dir: Park Chan-wook
Goodness gracious me what nasty heroic stuff is delivered to my disbelieving eyeballs by this amazing film.
I shouldn’t really be surprised, should I? This South Korean director has been making stunning, lurid, incredibly violent films for decades, all of which I think I’ve seen, from Joint Security Area to the Vengeance trilogy to his American forays into creepy family dynamics (the little seen Stoker) and end of the world – late stage capitalism allegories (Snowpiercer).
The Handmaiden is no less perplexing / shocking / surprising, even if it technically qualifies as a period piece, and a very weird period piece at that. Lifted from the pages of a novel set in Victorian times (Fingersmith by Sarah Waters), the plot is very similar, but the outcome is vastly different. The setting in this flick is probably a bit hard to wrap one’s head around if you’re not Korean or don’t know much about World War II, but it’s not like it matters that much. It’s set during the occupation of Korea by the Japanese, which means these Korean characters are acting awfully Japanese a lot of the time.
It being a time of war, naturally the people that get by the ‘best’ are the grifters, the con artists, the black marketeers, thieves and forgers. Among them rises a jerk who styles himself a Count no less (Ha Jung-woo), with plans to make off with a rich Japanese woman’s fortune. To help him out he convinces another con artist, Sook-hee (Kim Tae-ri), to pretend to be a maid, and to wheedle her way into the heiress’s house and heart. Then, once the jerk marries Lady Hideko (Kim Min-hee), it’s off to the insane asylum with her, while he absconds with all the money.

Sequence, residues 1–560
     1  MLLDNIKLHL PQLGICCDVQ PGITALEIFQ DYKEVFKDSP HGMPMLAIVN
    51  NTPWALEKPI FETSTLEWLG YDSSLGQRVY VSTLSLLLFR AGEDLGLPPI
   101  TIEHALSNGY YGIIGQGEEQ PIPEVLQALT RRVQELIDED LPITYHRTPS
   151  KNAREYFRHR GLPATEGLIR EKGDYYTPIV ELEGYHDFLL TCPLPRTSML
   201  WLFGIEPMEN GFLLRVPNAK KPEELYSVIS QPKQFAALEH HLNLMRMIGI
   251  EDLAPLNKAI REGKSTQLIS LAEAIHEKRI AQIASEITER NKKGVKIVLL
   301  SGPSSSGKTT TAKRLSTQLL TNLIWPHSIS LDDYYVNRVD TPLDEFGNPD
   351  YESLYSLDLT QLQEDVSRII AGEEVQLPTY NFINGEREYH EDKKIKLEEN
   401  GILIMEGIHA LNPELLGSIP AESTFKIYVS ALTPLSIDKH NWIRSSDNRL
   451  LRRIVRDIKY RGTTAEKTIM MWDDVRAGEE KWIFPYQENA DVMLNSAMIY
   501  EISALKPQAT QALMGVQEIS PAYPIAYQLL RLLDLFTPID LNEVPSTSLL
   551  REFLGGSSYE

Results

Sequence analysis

The icy Lady Hideko lives with her uncle, who, this might come as something of a complete shock, is a terrible, terrible person. Just how terrible a person he is unfolds over the course of the movie, but at the very least we get the clear impression that he has creepy designs on his niece, not the least of which is the threat that he intends to marry her at some point.
Sook-hee, despite being a player herself, whose plan it is to get a percentage of that inheritance money, plays the naif fairly well in the domain of her aristocratic betters. She’s all wide-eyed and perplexed by all the mysteries of the stately manor and the enigmatically cool Hideko, but we’re not meant to forget that she’s planning a fate worse than death for the lady.